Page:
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Mozart,   The Marriage of Figaro:  
Sung in Italian with surtitles. Soloists, Chorus and Orchestra of the Royal Northern College of Music / Baldur Brönniman (conductor) Bruntwood Theatre, RNCM, Manchester  4.12.2007 (RJF)

There is no more challenging opera than Mozart’s Le Nozze de Figaro. Mozart’s music is taxing for singers and orchestra with its wide variety of skipping melodies, introspective arias and the serious and comic situations that befits an opera buffa. Add in  Da Ponte’s masterly detailed libretto and the demands  on all participants are massive, none more so than on the producer, particularly when the singers are students, for some of  whom this will be their first stage performances  in their respective roles.

The RNCM is fortunate in that their Director of Opera Studies, Stefan Janski, is an immensely experienced producer who over the past nearly twenty years has guided many the through their first performances of staged opera.  Along the way I recall not a single turkey and Stefan  Janski  has often dabbled in updating plots and changes in venue from the original libretto without losing the intention of the creators. So it was with this Figaro, updated to 1920s

The update made little difference, to either Mozart’s music or  the plot. Yes, the Count appears in a silk dressing gown and Marcellina looks like a refugee from Carmen, but nothing is really out of place. The sets were imaginative and moved easily  so there was no need for a long gap between Acts I  and I nor between III and IV. The room allotted to the young couple in Act I was rather small for Figaro to measure and the main action, around the chair where Cherubino hides and is discovered, was brought forward to the front of the stage;  no bad thing and allowing the singers to get a feel for the full auditorium. The transitions from Act II  to the Act IV garden scene was as smooth, as I have noted. This is the most difficult scene in the whole opera to bring off and it says much for the set designers, and Janski’s direction as well as the singers, that it was achieved with realism and character. The great strength of these College productions though, derives from careful musical preparation by Robin Humphreys, as well as adequate stage rehearsal time overseen by Stefan Janski. The results are never merely slick, but are professional in the very best sense; and with the help from surtitles, the audience sees meaningful interactions between the singers as well as hearing the emotions in their vocal performances.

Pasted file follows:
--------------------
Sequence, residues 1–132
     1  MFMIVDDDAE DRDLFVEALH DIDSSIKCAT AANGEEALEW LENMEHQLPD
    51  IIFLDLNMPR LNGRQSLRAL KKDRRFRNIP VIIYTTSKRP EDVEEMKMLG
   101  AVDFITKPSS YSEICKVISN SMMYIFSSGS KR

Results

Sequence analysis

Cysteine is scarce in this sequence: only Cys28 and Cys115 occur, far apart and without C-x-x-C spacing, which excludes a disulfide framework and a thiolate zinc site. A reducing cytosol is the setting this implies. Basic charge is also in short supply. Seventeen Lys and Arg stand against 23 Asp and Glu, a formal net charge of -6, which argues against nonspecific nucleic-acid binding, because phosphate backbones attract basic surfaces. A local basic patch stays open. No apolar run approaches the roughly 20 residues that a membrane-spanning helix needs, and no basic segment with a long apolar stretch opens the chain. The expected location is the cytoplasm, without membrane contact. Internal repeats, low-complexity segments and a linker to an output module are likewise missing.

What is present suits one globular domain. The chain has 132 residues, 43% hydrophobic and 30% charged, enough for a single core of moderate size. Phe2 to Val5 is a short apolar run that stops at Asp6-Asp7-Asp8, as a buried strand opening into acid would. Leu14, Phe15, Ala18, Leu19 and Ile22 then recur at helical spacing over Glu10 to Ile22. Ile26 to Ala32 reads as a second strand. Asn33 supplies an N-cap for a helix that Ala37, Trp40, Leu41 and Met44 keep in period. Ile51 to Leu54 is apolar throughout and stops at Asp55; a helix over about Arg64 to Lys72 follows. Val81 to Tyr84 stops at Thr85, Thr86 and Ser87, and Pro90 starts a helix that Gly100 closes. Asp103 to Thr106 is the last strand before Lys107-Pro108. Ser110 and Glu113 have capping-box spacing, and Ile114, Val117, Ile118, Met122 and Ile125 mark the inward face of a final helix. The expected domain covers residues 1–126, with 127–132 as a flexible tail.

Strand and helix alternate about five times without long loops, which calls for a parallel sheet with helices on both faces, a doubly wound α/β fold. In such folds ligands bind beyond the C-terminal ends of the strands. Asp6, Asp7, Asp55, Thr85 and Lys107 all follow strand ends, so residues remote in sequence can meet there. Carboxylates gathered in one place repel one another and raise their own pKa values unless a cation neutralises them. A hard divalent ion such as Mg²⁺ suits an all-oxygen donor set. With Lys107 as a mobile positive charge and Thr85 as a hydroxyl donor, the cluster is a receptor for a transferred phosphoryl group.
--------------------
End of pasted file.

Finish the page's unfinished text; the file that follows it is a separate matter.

While the prime purpose of the college’s annual opera productions is to offer stage experience to the School of Vocal and Opera Studies' students, they also have the important function of providing a showcase for promising students. I think back to Amanda Roocroft’s Fiordiligi and Joan Rodgers’s Pamina - to mention just two alumni – for whom annual productions helped launch their careers. I choose two female singers deliberately, because this Figaro featured a Susanna, in Nadine Livingston, who surely will have a similar distinguished professional career. In my review of the College’s performance of Onegin last March, I admired the range of colour in her voice and it is even richer now. Add an easy stage presence and sparklingly acted transactions with colleagues and her future in the highly competitive profession seems assured. Also evident was growth in vocal power and characterisation. What her fach will be I do not know, but already she would manage Mimì.